Monday, June 27, 2011
Taming my Wild Horse Mind
A man is riding on top of a horse that is galloping by frantically, as if he has to be somewhere important, as soon as possible. A bystander sees this and asks the man, “Where are you going?”
“I don’t know,” the rider replies, “ask the horse!”
Sometimes I feel like such a slave to my brain and the thoughts it perpetually secretes. It’s as if someone inside my head is randomly changing radio stations and I’m left to deal with whatever noisy static, music, or cheesy talk radio bantor is blaring on in the background at any given moment.
For most of my life, I’d mistake this background noise for reality—that is, I’d believe that whatever I was thinking at the time was terribly important, real, and urgent. I’d be certain that the way some stranger looked at me on the street was a clear sign of disapproval or defiance, or that comment a friend made at dinner two days ago was nothing more than a thinly veiled sign of disrespect, hostility, or jealousy.
Very often, my mind still tosses and turns and flails about like an untamed horse or an unruly child. It would be ridiculous of me to just sit on a mustang and let it gallop around wildly without pulling the reins in, or to allow a child to run around and cause whatever chaos s/he wants to. Yet for many years I allowed my brain to dictate how I should feel and behave, pretty much all the time. And that got really tired for me a few years ago so I turned to practice.
One of the most striking byproducts of meditating regularly has been my newfound ability to discern that what’s happening internally is not necessarily in sync with what is happening externally. That is, the way in which I perceive and experience circumstances, people, and events usually gets filtered through a variety of elements within me that are constantly in flux. None of them are set in stone yet I frequently allow them to color the way in which I take in whatever is happening around me.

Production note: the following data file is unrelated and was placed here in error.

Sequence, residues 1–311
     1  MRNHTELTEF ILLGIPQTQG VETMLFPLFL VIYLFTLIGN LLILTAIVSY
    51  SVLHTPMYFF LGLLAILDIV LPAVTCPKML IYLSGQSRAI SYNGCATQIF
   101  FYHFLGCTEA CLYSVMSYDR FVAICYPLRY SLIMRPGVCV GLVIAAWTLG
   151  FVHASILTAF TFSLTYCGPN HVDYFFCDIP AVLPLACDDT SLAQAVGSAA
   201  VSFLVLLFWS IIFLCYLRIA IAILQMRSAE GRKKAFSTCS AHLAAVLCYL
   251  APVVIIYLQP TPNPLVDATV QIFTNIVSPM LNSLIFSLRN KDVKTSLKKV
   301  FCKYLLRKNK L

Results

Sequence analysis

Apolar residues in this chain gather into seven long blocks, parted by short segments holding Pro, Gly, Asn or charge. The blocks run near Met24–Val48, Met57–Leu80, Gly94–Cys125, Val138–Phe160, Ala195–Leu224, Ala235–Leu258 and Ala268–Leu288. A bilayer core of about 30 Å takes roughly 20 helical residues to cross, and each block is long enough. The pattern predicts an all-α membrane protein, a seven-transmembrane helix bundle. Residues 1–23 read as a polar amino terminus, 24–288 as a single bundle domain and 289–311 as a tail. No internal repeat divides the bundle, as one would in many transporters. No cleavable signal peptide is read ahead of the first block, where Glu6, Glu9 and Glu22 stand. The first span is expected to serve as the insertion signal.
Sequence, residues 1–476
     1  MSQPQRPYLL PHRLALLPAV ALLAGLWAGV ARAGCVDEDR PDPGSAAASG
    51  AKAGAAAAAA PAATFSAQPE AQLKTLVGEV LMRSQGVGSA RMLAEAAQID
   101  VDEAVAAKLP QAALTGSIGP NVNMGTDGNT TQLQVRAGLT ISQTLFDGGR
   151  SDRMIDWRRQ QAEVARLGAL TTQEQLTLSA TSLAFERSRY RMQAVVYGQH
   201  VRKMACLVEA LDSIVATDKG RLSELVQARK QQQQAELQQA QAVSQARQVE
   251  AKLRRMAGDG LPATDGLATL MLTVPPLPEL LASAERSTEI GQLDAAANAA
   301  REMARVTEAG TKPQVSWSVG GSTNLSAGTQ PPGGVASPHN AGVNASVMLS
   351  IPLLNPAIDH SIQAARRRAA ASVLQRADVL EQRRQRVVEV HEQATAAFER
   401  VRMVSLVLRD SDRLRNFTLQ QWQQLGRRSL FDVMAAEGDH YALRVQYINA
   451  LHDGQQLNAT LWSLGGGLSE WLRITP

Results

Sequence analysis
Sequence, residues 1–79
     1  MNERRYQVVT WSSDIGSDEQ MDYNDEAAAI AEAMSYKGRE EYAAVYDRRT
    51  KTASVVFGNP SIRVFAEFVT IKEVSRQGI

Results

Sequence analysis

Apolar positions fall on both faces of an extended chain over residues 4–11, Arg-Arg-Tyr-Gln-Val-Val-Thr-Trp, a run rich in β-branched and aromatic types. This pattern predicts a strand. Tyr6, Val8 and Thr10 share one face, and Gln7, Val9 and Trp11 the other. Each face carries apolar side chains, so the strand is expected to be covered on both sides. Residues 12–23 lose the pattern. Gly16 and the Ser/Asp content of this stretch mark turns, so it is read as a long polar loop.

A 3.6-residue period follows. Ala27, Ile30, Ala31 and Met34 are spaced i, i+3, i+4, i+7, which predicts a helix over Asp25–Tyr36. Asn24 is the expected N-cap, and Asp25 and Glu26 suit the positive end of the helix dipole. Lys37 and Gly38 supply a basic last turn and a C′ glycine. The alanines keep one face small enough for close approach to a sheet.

It’s sort of like looking at one’s self in a mirror covered by layers and layers of dust and dirt—you just don’t get a clear view of whatever happens to be in front of it. Everything gets distorted based on the many years of grime and gook that’s accumulated on the glass. Meditation means gradually cleaning the mirror so that we can see things more clearly and accurately.
By sitting regularly, and by learning to pause whenever strong thoughts and emotions come up, I’m better equipped to deal with the day-to-day stuff of my life. I can notice what’s happening and what the quality of that experience is like instead of getting carried away with my thoughts and opinions about that experience. I’m much more likely to catch myself whenever my thoughts are going off in some tangent that has nothing to do with what needs to be done at that particular time. So if I’m walking down the street, I can simply walk without using that in-between time to replay old conversations, or to plot and plan how to become some better version of myself.
I understand that just because I feel angry or elated or annoyed or ignored, it doesn’t mean it’s entirely the fault of the person or circumstances before me. I can take some responsibility and use the experience as an opportunity to get better acquainted with how my mind works and to learn about people and this very interesting world I live in.